glasstec 2010 president declares recession 'a word of the past' in Germany
Martin Gregor Gutmann, president, glasstec 2010, presented the first speech at the "Opening of glasstec and solarpeq 2010 and Special Show glass technology live," Sept. 28, at the Dusseldorf fairgrounds in Germany. The show runs Sept. 28-Oct. 1.
"The light at the end of the tunnel of the economic recession is switched on," Gutmann said. "The 21st glasstec is an economic barometer showing a new high. The recession is a word of the past. Last year, in Germany, almost 2.5 million shows took place with 300 million visitors in 600 cities across the country. That shows that the recession is over."
Even though glasstec is 40 years old this year, Gutmann said, "this fair can be traced back to the 11th century when it was a craft fair of the churches. It has grown by leaps and bounds since then," he said. The last glasstec covered more than 68,000 square meters of space, attracted more than 1,200 exhibitors from 50 countries, and 55,000 visitors, 58 percent of whom were from abroad, he said.
This year, glasstec offers a revised structure. "Solar and glass go together," he said. "Among the 1,200 exhibitors, 160 have registered for solarpeq. Solar was a part of glasstec in 2008 as glass energy, and 150 companies participated."
Gunther Horzetzky, state secretary at the Ministry for Economic Affairs and Energy of the State of North Rhine-Westphalia, was up next. “We are observing an upswing in the economy,” he said. “Even though glass is 5,000 years old, it’s been reinvented time and again. It’s a material of the future and a source of alternative energy, because the raw materials of glass are inexhaustible and 80 percent of container glass is recycled.”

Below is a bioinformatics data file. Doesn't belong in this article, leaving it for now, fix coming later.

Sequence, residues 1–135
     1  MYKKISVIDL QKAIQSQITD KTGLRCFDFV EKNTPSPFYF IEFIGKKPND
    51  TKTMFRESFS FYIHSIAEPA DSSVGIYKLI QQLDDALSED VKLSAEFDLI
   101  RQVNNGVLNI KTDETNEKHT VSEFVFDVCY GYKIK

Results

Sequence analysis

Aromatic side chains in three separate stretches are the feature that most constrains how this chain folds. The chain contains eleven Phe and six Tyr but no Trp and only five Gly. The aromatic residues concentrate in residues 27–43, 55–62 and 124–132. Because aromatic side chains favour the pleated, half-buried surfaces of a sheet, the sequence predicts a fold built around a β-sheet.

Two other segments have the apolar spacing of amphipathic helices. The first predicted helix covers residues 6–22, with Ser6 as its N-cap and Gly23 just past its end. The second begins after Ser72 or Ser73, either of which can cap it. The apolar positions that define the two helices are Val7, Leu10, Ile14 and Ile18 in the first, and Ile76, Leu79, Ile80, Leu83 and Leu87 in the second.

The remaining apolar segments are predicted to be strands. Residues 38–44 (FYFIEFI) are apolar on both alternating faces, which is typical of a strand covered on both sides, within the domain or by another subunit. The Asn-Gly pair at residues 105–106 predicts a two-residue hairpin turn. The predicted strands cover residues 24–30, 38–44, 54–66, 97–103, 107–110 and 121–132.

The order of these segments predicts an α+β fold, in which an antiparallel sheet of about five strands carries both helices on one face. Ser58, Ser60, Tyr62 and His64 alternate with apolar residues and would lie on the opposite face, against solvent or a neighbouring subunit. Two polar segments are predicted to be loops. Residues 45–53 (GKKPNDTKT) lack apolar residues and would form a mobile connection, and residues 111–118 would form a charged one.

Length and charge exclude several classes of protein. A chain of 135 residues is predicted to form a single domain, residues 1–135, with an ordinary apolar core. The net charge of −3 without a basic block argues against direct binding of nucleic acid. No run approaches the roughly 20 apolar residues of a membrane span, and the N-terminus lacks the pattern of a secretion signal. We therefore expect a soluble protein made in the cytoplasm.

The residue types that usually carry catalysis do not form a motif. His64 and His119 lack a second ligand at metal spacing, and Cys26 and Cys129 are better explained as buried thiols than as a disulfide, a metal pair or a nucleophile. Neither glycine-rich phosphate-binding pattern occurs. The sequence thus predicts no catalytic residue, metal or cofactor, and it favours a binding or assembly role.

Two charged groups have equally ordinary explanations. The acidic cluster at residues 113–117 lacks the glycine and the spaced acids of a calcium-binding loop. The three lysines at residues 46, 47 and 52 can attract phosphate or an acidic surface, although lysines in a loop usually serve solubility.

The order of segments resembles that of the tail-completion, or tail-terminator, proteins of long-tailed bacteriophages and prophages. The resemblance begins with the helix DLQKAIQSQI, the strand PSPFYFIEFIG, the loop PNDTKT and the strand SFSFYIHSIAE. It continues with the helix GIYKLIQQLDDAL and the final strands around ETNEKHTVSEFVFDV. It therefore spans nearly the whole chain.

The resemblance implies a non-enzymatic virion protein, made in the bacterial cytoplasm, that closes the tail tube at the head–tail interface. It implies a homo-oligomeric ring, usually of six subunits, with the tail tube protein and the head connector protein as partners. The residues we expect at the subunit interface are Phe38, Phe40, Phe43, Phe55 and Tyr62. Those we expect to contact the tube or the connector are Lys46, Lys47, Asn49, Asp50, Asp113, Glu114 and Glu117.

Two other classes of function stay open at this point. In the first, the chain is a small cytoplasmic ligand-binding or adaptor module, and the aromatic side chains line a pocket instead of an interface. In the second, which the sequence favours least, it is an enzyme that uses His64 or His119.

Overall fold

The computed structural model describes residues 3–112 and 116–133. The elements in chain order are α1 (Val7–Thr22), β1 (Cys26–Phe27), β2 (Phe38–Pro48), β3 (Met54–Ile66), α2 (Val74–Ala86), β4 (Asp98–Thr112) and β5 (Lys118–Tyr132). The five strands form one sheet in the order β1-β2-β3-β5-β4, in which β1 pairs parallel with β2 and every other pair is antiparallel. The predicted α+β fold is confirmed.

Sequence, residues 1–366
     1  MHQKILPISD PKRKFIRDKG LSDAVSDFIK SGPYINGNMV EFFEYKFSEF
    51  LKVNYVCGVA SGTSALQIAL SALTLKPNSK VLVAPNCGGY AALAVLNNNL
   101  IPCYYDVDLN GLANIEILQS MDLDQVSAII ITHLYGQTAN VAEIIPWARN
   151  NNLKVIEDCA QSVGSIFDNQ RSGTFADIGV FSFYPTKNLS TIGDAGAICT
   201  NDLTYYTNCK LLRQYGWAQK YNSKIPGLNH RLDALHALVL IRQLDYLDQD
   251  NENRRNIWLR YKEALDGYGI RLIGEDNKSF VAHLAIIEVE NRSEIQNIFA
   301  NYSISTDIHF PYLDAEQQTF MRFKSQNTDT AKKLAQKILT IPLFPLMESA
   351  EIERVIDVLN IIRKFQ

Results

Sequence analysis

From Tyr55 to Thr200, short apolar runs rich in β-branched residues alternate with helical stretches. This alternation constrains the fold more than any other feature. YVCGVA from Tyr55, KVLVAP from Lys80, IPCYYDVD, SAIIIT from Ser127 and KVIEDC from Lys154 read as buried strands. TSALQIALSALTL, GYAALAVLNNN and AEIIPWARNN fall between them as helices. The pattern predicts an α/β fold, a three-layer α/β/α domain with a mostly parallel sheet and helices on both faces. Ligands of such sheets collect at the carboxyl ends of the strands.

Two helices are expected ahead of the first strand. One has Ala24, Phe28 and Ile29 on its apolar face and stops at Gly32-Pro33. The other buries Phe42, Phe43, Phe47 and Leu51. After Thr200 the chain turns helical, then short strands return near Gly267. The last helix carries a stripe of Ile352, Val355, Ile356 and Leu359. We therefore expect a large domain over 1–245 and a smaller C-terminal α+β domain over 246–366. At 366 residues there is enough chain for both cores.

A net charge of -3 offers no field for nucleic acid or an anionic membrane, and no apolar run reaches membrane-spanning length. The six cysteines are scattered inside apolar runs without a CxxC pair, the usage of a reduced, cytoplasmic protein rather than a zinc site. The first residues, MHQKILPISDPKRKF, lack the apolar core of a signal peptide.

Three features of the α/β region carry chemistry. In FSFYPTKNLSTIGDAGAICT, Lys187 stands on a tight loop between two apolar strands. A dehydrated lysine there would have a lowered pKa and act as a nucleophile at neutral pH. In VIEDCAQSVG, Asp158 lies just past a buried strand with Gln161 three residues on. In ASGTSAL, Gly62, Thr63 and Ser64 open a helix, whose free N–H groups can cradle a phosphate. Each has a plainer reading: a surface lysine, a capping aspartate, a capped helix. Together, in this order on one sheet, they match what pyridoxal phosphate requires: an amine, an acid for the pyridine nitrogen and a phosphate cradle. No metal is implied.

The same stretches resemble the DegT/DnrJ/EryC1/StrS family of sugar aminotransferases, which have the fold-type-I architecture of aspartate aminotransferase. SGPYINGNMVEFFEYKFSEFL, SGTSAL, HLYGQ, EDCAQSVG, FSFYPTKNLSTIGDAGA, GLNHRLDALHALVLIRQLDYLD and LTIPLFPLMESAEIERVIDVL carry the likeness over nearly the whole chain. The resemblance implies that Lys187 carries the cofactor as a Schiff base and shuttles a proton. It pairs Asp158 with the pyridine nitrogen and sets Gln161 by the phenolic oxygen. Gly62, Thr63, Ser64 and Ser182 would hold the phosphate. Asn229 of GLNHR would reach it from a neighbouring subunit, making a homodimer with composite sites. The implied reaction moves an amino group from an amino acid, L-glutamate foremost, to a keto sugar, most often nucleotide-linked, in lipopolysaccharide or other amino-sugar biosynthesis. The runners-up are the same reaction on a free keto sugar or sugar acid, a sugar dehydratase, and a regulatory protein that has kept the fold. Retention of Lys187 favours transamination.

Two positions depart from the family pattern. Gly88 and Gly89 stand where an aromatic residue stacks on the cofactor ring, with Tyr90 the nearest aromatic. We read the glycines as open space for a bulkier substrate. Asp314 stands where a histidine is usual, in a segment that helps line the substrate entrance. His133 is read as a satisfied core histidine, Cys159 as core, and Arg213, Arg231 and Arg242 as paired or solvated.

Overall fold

Professor Michael Braungart, Erasmus University Rotterdam, University of Twente, and founder and scientific director of EPEA Internationale Umweltforschung GmbH, Hamburg, presented “Cradle to Cradle as Chance for Innovation – What Will be the Future for Glass as a Raw Material?”
Glass consumes a lot of energy when manufactured, but that’s a shortsighted view, he said. “Our aim is zero emission, which is impossible. The point is to be as useful as possible, not the least polluted. Why are we not interested in efficiency, but only in less pollution? We need to do the right thing and not do the things that are right; not create a world without waste, but use waste in a useful manner, in organic natural cycles. So, why aren’t we using glass as a service item?”, he asked attendees.
Glass is a technical nutrient and has to be processed differently, Braungart said. “Do not reduce carbon footprint, but use your footprint to recycle and reintroduce. Glass can be used endlessly, and can really be the material of the future."